Cory: Can I ask you a question?
Troy: What you gotta ask me? Mister DeWicker’s the one you got the questions for.
Cory: [pause] How come you ain’t never liked me?
Troy: Like you? Who the hell says I gotta like you? What law is there say’ I got to like you? Wanna stand up in front of my face and ask a damn fool ass question. Talking ‘bout likin’ somebody. Come here boy when I talk to you.
Cory walks up, Troy smacks him in the chest
Troy: Straighten up, goddamnit! Now, I asked you a question. What law, is there say’ I gotto like you?
Troy: All right then. Don’t you eat every day? Answer me when I talk to you! Don’t you eat every day?
Troy: Nigga, as long as you’re in my house you put a “Sir” on the end of it when you talk to me.
Cory: Yes, Sir.
Troy: You eat every day?
Cory: Yes, Sir.
Troy: You got a roof over you head?
Cory: Yes, Sir.
Troy: Got clothes on your back?
Cory: Yes, Sir.
Troy: Why you think that is?
Cory: ‘Cause of you?
Troy: [chuckles] Hell, I know it’s ’cause of me. But why do you think that is?
Cory: ‘Cause you like me?
Troy: Like you? I go outta here every morning; I bust my butt, putting up with them crackers every day ’cause I like you? You’re about the biggest fool I ever saw. It’s my job. It’s my responsibility. A man, is supposed to take care of his family. You live in my house, fill your belly with my food, put your behind on my bed because you’re my son. Not because I like you – ‘cos it’s my duty to take care of you, I owe a responsibility to you. Now let’s get this straight, right here and now before it go any further – I ain’t got to like you! Mr. Rand don’t give me my money, come pay day, ‘cos he like me. He give it to me ‘cos he owe me. Now, I done give you everything I got to give you! I gave you your life! Me and your Mama worked out between us and liking your black ass wasn’t part of the bargain! Now don’t you go through life worrying about whether somebody like you or not! You best be makin’ sure they’re doin’ right by you! You understand what I’m sayin’?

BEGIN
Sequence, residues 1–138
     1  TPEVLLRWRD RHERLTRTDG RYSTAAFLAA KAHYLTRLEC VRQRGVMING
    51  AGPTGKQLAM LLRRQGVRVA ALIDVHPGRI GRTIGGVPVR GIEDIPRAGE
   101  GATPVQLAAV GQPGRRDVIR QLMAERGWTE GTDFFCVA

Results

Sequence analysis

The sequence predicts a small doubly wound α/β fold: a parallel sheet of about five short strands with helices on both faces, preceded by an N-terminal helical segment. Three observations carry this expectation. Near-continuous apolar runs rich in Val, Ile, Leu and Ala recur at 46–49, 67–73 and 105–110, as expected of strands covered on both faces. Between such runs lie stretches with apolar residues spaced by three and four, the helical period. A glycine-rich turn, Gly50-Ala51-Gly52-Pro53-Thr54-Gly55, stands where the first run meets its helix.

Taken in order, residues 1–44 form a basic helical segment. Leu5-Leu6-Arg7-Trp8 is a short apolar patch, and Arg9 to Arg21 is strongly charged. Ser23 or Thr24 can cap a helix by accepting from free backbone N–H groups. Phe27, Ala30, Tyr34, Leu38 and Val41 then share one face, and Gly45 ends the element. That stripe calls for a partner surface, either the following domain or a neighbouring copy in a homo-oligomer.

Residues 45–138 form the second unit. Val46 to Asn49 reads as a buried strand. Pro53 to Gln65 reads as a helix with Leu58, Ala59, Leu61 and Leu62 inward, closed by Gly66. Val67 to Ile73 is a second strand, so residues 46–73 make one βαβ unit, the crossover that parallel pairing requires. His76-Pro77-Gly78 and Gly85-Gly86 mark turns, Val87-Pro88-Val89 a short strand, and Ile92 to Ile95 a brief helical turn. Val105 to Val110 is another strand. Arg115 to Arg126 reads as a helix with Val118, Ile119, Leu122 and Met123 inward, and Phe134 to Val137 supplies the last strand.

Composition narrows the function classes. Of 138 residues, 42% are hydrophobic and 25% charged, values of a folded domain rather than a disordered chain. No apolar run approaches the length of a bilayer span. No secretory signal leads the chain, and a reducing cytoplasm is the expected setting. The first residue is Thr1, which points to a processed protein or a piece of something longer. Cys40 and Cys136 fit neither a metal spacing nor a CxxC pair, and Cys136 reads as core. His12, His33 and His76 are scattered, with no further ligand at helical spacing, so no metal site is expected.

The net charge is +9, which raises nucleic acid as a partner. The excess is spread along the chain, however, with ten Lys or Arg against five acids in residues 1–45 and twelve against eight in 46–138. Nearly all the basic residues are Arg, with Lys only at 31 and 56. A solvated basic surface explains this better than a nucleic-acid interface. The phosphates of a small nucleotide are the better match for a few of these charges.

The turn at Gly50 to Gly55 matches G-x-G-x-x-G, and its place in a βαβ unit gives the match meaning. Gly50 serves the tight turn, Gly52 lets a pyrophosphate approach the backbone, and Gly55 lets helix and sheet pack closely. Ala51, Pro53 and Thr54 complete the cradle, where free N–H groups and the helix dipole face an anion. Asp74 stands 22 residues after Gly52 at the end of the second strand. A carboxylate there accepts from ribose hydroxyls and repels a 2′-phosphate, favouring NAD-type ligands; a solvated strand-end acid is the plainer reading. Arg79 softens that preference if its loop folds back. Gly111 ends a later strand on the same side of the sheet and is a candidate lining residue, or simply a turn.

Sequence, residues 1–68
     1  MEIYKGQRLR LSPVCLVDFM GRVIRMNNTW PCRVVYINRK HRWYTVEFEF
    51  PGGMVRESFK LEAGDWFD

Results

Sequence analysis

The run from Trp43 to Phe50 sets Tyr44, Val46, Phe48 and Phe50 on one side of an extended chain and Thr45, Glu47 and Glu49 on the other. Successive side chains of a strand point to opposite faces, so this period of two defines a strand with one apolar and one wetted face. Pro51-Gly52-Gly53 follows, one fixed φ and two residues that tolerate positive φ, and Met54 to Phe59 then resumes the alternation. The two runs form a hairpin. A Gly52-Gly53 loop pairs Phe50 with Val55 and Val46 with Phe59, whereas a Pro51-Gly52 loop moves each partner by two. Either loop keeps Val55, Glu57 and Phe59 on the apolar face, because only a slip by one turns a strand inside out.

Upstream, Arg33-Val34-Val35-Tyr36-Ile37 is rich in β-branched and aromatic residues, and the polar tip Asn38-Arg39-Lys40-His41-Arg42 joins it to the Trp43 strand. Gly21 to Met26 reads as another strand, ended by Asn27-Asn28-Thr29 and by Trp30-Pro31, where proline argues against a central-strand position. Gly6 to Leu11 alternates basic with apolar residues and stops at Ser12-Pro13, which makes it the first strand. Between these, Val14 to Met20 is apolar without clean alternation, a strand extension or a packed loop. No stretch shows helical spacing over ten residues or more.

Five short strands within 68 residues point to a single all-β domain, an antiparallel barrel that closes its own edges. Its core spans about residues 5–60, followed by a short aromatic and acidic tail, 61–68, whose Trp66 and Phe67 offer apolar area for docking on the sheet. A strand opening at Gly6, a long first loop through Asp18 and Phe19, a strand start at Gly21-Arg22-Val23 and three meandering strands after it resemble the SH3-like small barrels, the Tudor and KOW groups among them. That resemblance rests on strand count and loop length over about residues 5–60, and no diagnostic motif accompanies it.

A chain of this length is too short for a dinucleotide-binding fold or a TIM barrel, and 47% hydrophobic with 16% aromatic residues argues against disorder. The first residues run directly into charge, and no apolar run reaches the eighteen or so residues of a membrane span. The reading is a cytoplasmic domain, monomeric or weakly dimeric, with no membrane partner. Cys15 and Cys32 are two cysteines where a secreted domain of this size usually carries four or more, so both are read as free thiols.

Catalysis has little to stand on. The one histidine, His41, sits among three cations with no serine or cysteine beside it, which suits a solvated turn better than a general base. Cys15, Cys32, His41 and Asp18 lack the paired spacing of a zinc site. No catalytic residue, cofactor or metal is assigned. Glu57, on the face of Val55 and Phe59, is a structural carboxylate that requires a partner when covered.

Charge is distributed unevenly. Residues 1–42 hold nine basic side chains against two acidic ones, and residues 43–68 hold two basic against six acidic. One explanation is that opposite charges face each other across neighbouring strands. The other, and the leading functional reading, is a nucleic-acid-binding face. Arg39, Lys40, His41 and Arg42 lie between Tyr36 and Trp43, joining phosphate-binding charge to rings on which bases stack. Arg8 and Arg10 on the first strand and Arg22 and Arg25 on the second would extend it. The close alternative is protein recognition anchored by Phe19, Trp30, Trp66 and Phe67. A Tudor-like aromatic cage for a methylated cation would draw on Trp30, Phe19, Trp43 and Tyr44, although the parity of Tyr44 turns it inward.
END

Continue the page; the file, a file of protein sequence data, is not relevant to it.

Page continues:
Cory: Yes sir.
Troy: Then get the hell out of my face, and get on down to that A&P!
Talk about intense.
The film does feel a little hemmed in; the entire movie you see a backyard, a living room/dining area, a bedroom and street in front of house maybe once or twice – but you’ll probably only notice that on your second or third viewing if you make it that far. Chances are you won’t notice; the dialogue fills the head and heart and doesn’t live space for much else.
At the end of the film, Rose talks to a reluctant Cory about his father and a little girl he brought home one day, and her closing line sums up Troy Maxson and really; what each and every one of us should aspire to do with our lives;
“And if the Lord see fit to keep up my strength, I’m gonna do her exactly how your daddy did you. I mah give her the best of what’s in me.”
Which is why I can say loudly; Troy was a good man. Or maybe he wasn’t, depending on your perspective. But he did the best of what he knew how – which really is all any of us can hope for.
We all are put on this earth to do the best we can; and maybe he could have been more; maybe his failure to get into the Major League had more to do with his age and less with his skin – maybe. But Troy and Rose gave their all to each other.
Troy: It’s not easy for me to admit that I’ve been standing in the same place for eighteen years!
Rose: Well, I’ve been standing with you! I’ve been right here with you Troy! I got a life too! I gave eighteen years of my life to stand in the same spot as you! Don’t you think I ever wanted other things?
Fences is about hope, love, fear, anger, pain, frustration, how those things can take you and turn you into a carcass of what you were supposed to be. And yet it’s hopeful, brave and fearless. It’s about determination, faith –
And how sometimes, the fences we build to protect us also keep us away from the ones who love us. Troy unconsciously built fences between him and his family – and that cost him a lot.
But still, he made good in the end. And really, that’s really what any of us can hope to do. Do the things that count while we can.
See Fences. And take down some of the ones you may have built around you. Who knows?
PS: Hypocrite Alert.